In December, Hotchkiss received some good news: he had been appointed to the highest civilian position available in the Confederate Engineer Corps-First Military Assistant Engineer-with a salary of $4,000 a year. Unfortunately he did not have long to collect it. In May, Custer's cavalry attacked and Early's line collapsed. Hotchkiss fled to an icy forest and rejoined headquarters several days later. On April 9, he was at Lynchburg when he heard the news of Lee's surrender. He wrote in his journal "sadness and gloom pervaded the entire community."

   After the war Hotchkiss was as successful as he was during the war. He accepted a part time teaching position at Augusta Female Seminary in Stanton and began surveying. He moved to Stanton and opened an engineering firm named "Jed Hotchkiss Mining and Consulting Engineer." Elizabeth Furnace Ore BankHe wrote extensively on geology in western Virginia and at one time controlled 60,000 acres of coal fields. Building a railroad to the fields and founding a town for the workers where some of his achievements. He traveled to England and Scotland twice to secure investments for his projects. Although he was in a sense a renaissance man, he never achieved great financial success. He kept up a lifelong correspondence with many of Jackson's staff and many of his friends such as John B. Gordon. He also was highly sought after as a speaker and lectured all over the country. He also organized the Stonewall Jackson Camp of the United Confederate Veterans.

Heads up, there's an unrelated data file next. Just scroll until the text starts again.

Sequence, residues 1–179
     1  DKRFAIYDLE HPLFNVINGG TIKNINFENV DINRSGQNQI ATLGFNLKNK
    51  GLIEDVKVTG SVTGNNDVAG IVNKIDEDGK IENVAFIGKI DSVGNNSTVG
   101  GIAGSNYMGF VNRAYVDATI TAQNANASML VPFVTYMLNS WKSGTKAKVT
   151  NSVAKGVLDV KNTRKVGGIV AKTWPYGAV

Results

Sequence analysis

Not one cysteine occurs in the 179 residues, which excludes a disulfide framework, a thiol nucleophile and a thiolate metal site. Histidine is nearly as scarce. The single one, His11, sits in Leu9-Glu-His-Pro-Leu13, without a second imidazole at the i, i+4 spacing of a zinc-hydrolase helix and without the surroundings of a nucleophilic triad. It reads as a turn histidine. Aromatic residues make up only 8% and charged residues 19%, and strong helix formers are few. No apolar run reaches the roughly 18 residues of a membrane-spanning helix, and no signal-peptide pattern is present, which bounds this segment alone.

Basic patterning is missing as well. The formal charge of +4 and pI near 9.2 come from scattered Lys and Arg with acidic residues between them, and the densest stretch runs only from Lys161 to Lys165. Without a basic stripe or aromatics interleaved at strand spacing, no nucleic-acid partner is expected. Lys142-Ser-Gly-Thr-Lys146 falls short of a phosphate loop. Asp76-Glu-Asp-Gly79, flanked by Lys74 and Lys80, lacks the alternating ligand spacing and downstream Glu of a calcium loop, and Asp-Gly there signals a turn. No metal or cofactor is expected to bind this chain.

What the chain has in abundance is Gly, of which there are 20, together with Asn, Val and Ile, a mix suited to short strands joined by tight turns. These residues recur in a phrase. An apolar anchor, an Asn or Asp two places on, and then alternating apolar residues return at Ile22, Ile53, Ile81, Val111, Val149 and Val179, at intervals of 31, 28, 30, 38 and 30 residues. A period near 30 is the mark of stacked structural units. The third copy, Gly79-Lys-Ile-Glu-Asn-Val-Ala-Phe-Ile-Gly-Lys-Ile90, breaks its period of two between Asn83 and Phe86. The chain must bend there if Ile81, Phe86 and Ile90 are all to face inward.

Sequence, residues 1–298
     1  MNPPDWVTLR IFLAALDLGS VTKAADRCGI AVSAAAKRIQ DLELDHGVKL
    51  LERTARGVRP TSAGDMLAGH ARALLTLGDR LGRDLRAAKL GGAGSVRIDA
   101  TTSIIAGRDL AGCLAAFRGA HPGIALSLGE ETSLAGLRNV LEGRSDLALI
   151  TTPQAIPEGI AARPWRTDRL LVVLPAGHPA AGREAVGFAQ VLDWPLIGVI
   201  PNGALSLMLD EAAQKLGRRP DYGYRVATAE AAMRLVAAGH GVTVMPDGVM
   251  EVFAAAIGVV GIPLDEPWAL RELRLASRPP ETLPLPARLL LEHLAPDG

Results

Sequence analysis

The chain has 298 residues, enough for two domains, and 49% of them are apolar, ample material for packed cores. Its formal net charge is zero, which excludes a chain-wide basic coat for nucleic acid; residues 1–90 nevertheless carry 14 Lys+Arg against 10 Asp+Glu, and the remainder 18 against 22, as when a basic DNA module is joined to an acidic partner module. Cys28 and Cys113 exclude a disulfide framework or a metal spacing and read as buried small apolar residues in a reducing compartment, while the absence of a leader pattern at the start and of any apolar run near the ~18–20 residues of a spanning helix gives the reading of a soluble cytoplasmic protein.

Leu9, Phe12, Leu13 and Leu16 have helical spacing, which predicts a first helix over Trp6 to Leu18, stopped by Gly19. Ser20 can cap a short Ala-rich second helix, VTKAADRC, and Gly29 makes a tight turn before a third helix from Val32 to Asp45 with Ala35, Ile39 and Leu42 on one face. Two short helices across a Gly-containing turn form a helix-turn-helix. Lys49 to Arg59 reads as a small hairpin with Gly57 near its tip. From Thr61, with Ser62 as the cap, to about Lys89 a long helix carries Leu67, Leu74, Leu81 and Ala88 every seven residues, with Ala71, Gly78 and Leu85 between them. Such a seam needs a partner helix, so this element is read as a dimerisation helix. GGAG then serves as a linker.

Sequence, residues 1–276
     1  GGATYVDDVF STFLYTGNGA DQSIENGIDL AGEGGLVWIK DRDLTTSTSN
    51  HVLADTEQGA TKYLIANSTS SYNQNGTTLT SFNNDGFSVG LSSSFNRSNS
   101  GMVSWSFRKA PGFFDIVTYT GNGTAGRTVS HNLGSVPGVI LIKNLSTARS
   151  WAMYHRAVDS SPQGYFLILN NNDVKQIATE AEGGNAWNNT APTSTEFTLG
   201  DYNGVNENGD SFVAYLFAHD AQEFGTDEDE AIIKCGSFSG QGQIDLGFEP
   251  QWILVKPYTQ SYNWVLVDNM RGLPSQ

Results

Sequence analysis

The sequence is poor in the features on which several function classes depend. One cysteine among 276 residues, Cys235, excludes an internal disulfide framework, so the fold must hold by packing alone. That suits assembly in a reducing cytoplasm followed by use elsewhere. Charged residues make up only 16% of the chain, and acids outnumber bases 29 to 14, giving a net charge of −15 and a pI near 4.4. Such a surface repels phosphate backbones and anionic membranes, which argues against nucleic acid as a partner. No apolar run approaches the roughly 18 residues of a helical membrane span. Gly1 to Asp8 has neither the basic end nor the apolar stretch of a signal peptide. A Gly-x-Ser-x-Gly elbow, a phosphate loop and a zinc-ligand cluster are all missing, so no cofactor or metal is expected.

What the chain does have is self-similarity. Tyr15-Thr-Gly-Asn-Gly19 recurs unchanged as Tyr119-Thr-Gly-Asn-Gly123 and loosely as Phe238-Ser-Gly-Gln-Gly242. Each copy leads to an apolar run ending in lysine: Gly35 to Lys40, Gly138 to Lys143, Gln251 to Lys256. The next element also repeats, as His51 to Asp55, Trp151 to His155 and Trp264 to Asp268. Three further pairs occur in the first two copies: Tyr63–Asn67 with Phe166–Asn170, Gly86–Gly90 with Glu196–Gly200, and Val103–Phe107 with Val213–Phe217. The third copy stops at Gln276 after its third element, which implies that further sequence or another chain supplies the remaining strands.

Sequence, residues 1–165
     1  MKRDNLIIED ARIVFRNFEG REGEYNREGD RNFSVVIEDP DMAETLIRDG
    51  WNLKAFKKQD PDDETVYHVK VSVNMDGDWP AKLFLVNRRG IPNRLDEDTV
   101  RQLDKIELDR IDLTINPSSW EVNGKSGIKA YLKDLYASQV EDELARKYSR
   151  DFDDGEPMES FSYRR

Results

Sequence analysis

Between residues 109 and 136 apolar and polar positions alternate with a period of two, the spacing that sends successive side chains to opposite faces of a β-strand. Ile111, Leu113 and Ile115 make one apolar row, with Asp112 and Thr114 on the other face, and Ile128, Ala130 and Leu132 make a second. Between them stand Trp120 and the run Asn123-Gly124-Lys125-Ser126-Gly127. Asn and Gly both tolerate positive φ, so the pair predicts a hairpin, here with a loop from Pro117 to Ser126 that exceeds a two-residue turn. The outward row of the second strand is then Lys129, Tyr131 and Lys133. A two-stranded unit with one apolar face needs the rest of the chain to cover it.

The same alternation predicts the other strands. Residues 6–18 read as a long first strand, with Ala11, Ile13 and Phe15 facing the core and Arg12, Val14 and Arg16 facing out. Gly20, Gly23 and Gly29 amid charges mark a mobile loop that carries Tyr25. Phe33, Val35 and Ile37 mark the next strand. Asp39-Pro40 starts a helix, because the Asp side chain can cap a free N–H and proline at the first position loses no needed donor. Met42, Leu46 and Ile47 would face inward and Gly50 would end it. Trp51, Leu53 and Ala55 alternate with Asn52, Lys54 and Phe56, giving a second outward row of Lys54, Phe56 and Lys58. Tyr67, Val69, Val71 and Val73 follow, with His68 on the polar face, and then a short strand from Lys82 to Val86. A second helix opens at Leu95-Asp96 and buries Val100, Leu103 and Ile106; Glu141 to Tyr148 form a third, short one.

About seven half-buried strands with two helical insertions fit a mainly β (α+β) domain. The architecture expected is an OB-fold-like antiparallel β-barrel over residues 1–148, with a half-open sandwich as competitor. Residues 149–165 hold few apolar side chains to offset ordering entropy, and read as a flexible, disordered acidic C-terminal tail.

Jedediah Hotchkiss    In 1897 Hotchkiss was asked to write the Virginia volume of a series of books called "Confederate Military History." This volume, probably the most important, contained 50,000 words and was written in a little over a year.

In January 1899, Hotchkiss' health declined. He died January 17, 1899 at the age of 70.

It is just in the last twenty years that Hotchkiss has received his due as one of the greats of the Confederacy and mapping. His life is fascinating to study for the historian, surveyor and geologist. His maps are some of the most accurate and beautiful of this or any war.


Jedediah Hotchkiss's Grave
in The Thornrose Cemetery Staunton Virginia

(click any image to enlarge)
Thornrose Cemetery Staunton Virginia
Thornrose Cemetery staunton Virginia 1849
Jed Hotchkiss Headstone facing South
Jed Hotchkiss grave:
He request to be buried facing south. Only grave in the cemetery that does, everyone else faces East.
Jed's gravestone inscription
South side Inscription. Jed wanted to face south where his heart lay.
inscription on westside of Jed's gravestone
Inscription on the West side.
Hotchkiss plot wife and son-in-law behind Jed
Jed's son-in-law's stone (large dark stone) faces South but he was buried facing east.
inscription on back (Northside) of Jed's gravestone
Inscription on the North side of Jed's stone.
Lady in white watching over Thornrose, Jed's grave under her extendind finger tips
Lady watching over Thornrose, under her extended fingers is Jed's grave.